The first time that residents of Campa Cola were told to vacate their houses was not this year. Or the year before. It was in 2005, when the Bombay high court
ordered the civic body to initiate a time-bound process to demolish all floors above the fifth, which were illegal.
starting February this year, the Supreme Court repeatedly reiterated this in its orders. Despite such a history of litigation, why is there still confusion about the fate of the 35 illegal floors in the Worli complex?
The answer lies in the way our executive and politicians have reacted to an order passed by the judiciary.
While the BMC was knocking on residents’ doors, seeking to start the demolition, chief minister Prithviraj Chavan, far away in Nagpur, struck a different note– indicating there is still hope for residents, as the state was checking for legal ways to help them.
So the question on everyone’s minds is – if the CM was trying to save the flats in Campa Cola, what were the BMC’s bulldozers doing outside these homes?
In the middle of all the confusion, mischievous politicians have found an opportunity to peddle hopes to desperate residents (ironically, some of the politicians
protesting against the demolition are builders themselves).
It’s these hopes that have fuelled desperate residents to defy a Supreme Court order and their own undertakings. With the residents determined not to vacate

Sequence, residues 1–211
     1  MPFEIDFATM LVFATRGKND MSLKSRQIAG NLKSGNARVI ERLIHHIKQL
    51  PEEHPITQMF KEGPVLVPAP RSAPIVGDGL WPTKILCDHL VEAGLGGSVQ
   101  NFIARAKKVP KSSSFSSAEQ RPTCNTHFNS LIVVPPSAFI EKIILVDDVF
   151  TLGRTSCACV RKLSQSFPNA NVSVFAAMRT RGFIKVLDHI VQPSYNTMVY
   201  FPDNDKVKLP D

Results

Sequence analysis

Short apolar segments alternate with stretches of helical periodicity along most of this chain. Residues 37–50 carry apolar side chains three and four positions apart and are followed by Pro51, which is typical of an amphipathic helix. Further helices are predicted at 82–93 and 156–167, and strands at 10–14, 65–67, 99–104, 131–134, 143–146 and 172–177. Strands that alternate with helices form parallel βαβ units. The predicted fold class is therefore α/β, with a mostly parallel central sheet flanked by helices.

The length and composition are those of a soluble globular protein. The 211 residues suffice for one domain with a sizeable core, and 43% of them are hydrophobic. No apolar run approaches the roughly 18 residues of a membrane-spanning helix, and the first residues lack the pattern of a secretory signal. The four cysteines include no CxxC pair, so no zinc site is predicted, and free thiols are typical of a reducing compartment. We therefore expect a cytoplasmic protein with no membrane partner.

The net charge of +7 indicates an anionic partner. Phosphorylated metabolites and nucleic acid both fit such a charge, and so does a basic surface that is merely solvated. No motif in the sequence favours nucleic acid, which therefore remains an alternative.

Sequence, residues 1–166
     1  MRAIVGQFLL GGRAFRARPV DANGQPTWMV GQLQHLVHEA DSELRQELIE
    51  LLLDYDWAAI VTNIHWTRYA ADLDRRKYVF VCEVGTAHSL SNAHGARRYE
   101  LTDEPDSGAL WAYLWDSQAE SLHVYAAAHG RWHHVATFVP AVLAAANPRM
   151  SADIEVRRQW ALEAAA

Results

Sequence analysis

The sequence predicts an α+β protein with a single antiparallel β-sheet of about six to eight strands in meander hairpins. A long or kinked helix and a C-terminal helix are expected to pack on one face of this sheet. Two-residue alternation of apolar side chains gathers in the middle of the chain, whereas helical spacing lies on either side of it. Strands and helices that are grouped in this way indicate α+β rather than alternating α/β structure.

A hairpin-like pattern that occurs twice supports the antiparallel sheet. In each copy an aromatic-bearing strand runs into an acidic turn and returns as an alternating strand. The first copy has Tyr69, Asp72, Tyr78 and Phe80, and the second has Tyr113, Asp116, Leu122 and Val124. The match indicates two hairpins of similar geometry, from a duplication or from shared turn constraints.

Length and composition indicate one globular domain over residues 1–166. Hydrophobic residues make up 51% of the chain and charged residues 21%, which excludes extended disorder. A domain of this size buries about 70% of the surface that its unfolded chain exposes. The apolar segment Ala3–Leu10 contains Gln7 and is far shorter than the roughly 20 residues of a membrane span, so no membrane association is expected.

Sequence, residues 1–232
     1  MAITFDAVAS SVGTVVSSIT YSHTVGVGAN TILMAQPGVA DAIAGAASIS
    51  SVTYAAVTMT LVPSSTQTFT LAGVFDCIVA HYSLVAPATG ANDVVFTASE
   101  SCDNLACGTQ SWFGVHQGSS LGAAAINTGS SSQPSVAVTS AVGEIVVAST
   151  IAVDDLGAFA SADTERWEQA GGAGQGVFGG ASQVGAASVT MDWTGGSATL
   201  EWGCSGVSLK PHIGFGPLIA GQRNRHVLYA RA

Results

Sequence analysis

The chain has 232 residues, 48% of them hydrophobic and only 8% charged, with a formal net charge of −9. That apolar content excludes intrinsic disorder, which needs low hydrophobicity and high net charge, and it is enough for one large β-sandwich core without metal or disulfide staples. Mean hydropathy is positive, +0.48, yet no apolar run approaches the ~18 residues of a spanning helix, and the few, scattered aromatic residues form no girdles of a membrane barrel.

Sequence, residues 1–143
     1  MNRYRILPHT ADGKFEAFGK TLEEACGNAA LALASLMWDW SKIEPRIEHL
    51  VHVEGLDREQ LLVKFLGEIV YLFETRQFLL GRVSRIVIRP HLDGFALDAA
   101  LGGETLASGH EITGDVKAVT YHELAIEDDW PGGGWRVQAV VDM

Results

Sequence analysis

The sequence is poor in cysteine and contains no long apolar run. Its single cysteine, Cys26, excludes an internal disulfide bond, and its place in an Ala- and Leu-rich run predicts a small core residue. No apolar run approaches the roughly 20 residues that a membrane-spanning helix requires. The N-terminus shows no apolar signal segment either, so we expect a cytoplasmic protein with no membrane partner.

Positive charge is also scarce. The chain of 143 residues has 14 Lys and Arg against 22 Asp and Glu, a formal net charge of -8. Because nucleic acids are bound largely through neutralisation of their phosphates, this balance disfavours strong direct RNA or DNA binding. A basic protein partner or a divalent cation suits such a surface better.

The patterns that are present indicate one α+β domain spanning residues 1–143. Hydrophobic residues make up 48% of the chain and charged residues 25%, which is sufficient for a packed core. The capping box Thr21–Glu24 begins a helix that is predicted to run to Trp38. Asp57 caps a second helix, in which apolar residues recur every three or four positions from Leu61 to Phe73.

their homes, there could be ugly scenes at Campa Cola compound if the authorities decide to use force on Wednesday.
While the very existence of Campa Cola shows the failure of the establishment, the drama surrounding the proposed demolition is a sign of the lack of strong leadership in the city and the state.
Chavan, who often takes pride in his attempts to clean up Mumbai’s realty industry, has lost an opportunity in stamping his authority by declaring his real intent in this case. Instead,his constant flip-flops on the issue have egged his political opponents to exploit this occasion.
Take for instance, the Shiv Sena-BJP, which rules the BMC.
The civic body, under them, could have asked the SC to review its order.
Instead, leaders from the two parties have now given an impression that the ball, and the blame of the outcome, firmly lies in the CM’s Court.
Sadly, the CM has played along.
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